His official name is Lomonosov Scholar. Greenpeace calls it the “floating Chernobyl.” It is Russia’s first floating nuclear power plant, which is scheduled to sail this Friday from the port of Murmansk, in the north-west of the country, towards the Chukotka peninsula, where it will begin operating in December. A journey of 5,000 kilometers to the eastern tip of the Russian Arctic coast that has triggered the alarms of environmentalists, who see an unnecessary risk of nuclear catastrophe.

The design and construction of the Lomonosov Academic has lasted a decade and his journey began in April 2018, when he went to St. Petersburg towing to Murmansk. The town is near the remote military base in which five people died from an accident during the test of a nuclear missile, the details of which are state secret and which raised the radiation rates in a nearby town.

A coincidence that has fueled the debate about the possible environmental impact of a failure of this floating plant. Rosatom, the Russian atomic agency, insists that the Lomonosov Scholar cannot sink under any circumstances not even in the event of a natural disaster and incorporates2011 disaster teachings in Fukushima (Japan).

The authorities reject any comparison with the case of Chernobyl, the Soviet plant that suffered in 1986 the worst nuclear accident in history , and wield the different power of nuclear reactors: two, 35 MW each, capable of supplying energy to one City of about 100,000 inhabitants.

Greenpeace and other environmental groups insist instead on the threat posed by the installation, which needs to be towed, which makes it easier for it to be the target of a terrorist attack. They also question the need to send floating nuclear stations to generate electricity in remote regions. The Lomonosov Academic will need in seven years a replacement of nuclear fuel, for which he must be towed back to Murmansk, with the consequent expense and threat of contamination.

This type of ingenuity has never been massively produced. It will be, in fact, the first floating nuclear plant since the MH-1A Sturgis, the US military reactor that supplied electricity to the Panama Canal between 1968 and 1975, when its maintenance was considered to be excessively expensive. The project to build a Westinghouse Electric floating nuclear plant in coastal waters of the State of New Jersey in the 1970s was abandoned by people’s protests and lack of consumers.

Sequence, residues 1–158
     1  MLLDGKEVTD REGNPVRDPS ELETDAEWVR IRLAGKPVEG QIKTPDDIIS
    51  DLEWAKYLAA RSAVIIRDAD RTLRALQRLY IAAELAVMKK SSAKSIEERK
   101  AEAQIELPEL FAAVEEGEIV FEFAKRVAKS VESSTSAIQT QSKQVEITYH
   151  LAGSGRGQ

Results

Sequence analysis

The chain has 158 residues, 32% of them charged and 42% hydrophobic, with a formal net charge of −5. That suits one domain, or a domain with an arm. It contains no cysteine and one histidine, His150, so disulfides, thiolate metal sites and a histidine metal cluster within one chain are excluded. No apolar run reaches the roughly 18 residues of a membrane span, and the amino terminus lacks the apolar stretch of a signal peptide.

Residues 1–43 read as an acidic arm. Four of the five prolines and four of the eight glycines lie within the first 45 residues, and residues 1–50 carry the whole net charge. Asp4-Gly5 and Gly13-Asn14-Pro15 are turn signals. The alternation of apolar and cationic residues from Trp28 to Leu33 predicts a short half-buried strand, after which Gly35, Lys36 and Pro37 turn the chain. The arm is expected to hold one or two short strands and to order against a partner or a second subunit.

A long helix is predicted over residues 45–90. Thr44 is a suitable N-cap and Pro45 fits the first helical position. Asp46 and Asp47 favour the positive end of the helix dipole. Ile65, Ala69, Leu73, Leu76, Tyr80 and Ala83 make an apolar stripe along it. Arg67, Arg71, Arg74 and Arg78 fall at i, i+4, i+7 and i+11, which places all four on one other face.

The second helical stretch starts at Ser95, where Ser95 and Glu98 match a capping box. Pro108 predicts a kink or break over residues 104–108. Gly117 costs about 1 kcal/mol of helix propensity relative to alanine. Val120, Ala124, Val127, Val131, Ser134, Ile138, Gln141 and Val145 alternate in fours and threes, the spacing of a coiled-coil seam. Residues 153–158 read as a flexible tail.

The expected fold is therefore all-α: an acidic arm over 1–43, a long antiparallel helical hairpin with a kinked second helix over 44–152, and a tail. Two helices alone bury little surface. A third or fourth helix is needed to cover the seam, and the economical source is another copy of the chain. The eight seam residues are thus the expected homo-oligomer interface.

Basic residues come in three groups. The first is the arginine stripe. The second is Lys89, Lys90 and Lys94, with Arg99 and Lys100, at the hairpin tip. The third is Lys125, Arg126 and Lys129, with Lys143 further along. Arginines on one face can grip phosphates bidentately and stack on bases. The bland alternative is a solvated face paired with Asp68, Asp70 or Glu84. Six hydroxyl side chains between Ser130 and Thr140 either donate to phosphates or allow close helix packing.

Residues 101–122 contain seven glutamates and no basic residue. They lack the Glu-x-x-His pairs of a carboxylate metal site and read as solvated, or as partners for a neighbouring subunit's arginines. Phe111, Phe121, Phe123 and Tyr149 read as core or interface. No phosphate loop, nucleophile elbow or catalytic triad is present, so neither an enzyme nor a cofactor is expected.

One of the background elements of the project is energy . Pevek, the port city on the Chukotka peninsula where the mill will dock, turns to coal (brought from the mines of the Zyrianka district, in Yakutia) and to the former Bilibian nuclear power plant to produce electricity.

The Lomonosov Academician authorities argue will contribute precisely to reducing pollutant emissions – by curbing the burning of coal and closing the obsolete nuclear plant. Pevek has less than 6,000 inhabitants, but it needs the energy for the mining industry in the area, especially the gold deposits.

Another key element of this floating nuclear reactor is the commercial one. Rosatom has not disclosed the cost of the project, for which a dozen countries in Latin America, Africa and Asia have been interested. The price will mark, in a way, the litmus test of its operation.

The Russian state agency says it has signed a memorandum of understanding to examine the possibility of building a floating nuclear plant in Sudan. It is these plans that most concern the Bellona Foundation, which follows environmental issues in the Arctic and doubts that Sudan can exploit such a plant with guarantees for the environment.

China plans to build about twenty floating atomic plants in the next decade (the first one must be completed in 2021) and, according to Bloomberg, some US investors want to produce atomic South Korea atomic cost reactors at a relatively low cost.


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